Social Determinants of Health (SDOH), such as education, literacy, housing and economic stability play a growing role in influencing health outcomes. To better manage rising costs, payers are developing innovative, holistic, population health programs that address both the socioeconomic and unique clinical needs of their members. 

Many beneficiaries are susceptible to a broad range of non-clinical social and economic factors such as hunger or lack of access to healthcare services and transportation. These factors leave members at an elevated risk for missed appointments, health set-backs and hospital readmission. With on-demand virtual care, members gain expanded access to resources and can visit providers through virtual appointments without the need for travel and wait times.

Unlike a typical exchange during an office visit, Telehealth and virtual care afford providers a unique window into how members live, the obstacles they face and other factors that influence their health. Data captured via remote monitoring and insights gained during care team exchanges help payers and providers identify cost drivers, prioritize strategies and create programs that address their members’ social needs.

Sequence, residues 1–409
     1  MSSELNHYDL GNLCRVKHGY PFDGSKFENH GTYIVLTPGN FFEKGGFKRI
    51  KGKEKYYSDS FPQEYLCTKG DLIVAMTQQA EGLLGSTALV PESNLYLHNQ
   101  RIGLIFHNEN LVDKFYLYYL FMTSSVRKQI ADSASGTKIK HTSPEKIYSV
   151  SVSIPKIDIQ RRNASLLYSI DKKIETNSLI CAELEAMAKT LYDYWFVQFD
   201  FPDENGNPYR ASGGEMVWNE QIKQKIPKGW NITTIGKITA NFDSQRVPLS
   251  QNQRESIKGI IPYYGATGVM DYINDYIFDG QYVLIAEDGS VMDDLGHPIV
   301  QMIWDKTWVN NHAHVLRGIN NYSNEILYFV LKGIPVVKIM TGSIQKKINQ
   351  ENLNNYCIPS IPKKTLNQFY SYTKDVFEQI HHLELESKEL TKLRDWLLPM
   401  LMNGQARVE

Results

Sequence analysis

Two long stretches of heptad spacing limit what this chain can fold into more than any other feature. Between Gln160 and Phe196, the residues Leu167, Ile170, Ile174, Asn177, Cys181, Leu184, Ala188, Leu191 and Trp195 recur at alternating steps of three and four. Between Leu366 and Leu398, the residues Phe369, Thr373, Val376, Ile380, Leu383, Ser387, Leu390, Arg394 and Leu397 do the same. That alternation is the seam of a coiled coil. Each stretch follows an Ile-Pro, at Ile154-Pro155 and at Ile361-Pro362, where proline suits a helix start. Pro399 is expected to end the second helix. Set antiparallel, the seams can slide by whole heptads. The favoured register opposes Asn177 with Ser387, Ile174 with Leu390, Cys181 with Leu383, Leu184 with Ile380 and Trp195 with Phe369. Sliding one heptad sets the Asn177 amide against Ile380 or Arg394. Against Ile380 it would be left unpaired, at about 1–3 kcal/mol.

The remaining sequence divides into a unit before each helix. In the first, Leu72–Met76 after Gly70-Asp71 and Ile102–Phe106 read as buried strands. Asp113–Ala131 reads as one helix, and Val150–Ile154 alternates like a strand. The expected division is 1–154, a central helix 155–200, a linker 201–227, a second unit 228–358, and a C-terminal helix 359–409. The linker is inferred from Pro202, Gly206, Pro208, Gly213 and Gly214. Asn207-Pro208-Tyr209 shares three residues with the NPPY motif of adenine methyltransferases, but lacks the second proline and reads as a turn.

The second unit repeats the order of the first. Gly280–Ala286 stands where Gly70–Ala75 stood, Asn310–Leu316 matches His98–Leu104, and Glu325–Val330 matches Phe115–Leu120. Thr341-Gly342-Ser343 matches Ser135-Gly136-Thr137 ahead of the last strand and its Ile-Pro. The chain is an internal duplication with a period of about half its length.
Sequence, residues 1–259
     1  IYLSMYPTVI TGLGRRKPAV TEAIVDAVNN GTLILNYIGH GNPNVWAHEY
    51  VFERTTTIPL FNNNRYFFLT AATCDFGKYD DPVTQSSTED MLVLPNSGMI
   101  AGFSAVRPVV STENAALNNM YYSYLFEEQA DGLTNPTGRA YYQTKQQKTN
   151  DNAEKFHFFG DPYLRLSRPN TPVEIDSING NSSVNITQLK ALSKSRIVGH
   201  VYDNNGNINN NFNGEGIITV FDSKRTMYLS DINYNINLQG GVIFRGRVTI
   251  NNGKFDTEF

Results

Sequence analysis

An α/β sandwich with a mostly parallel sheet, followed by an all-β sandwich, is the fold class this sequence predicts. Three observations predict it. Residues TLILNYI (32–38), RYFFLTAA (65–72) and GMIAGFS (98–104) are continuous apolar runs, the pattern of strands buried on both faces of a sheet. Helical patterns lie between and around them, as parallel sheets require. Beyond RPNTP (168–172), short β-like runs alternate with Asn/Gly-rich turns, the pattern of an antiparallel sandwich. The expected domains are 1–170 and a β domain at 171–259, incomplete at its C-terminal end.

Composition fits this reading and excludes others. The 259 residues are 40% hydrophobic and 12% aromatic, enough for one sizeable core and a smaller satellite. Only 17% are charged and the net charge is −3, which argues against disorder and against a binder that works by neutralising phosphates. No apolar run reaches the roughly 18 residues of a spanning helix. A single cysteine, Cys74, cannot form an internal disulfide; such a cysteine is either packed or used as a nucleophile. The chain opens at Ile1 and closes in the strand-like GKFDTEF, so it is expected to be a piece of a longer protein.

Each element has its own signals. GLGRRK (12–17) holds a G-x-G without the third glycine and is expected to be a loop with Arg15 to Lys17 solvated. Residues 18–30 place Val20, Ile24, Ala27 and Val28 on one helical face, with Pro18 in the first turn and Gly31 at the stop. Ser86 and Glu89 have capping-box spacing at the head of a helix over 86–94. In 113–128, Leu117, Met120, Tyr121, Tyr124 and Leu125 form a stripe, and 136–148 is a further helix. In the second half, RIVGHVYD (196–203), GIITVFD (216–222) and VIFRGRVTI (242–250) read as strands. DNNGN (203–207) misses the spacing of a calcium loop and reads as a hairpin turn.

Adopting strategies that incorporate tools to address the SDOH, allows plans to positively influence health equity, better manage costs and improve member outcomes.

video visit with provider

Scaling Risk Stratification and Personalization of Care

Telehealth and remote monitoring provide tools to personalize and scale delivery of care based on stratified populations. Providers identify members who are at-risk for adverse events such as ED visits, hospital admissions or readmissions. Creating proactive member care plans, based on comprehensive member records, biometric data and insights derived from predictive analytics help providers assure that the right member receives the right care, at the right time.